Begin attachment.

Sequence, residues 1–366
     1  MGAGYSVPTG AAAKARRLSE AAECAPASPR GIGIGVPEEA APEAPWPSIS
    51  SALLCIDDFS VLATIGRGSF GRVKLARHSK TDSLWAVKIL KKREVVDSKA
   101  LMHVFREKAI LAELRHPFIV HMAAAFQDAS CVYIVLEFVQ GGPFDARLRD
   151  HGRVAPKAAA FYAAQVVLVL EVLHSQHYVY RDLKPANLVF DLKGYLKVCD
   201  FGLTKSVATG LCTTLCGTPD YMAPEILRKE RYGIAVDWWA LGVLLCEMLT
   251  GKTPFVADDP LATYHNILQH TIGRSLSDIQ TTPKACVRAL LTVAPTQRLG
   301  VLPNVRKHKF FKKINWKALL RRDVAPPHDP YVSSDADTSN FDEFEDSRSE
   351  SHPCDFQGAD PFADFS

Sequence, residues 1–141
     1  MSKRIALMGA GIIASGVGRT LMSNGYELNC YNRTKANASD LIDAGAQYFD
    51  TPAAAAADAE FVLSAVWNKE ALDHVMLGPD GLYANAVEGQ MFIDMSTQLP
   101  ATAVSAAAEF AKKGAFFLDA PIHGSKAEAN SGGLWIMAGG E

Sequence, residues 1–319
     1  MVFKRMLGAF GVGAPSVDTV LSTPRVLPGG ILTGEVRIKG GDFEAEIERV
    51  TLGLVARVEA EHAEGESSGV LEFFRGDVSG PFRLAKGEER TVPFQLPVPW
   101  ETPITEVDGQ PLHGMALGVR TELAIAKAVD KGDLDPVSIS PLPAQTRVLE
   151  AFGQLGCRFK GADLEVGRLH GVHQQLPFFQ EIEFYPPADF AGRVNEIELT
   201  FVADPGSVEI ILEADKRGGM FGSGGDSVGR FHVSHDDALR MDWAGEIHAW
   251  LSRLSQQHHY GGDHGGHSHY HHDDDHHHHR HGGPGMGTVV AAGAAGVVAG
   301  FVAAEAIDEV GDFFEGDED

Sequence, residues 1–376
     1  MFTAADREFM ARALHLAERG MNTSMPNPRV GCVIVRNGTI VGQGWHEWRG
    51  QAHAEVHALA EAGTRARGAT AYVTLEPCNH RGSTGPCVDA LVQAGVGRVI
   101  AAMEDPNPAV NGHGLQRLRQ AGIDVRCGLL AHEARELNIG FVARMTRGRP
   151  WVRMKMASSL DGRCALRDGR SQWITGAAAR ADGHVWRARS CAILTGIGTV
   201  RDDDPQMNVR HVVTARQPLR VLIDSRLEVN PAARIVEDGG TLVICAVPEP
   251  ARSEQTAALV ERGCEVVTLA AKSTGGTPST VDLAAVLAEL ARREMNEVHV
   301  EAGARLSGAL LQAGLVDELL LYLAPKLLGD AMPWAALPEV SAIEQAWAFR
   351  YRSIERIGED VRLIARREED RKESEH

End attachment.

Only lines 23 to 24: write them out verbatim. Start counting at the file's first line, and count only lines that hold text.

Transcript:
     1  MFTAADREFM ARALHLAERG MNTSMPNPRV GCVIVRNGTI VGQGWHEWRG
    51  QAHAEVHALA EAGTRARGAT AYVTLEPCNH RGSTGPCVDA LVQAGVGRVI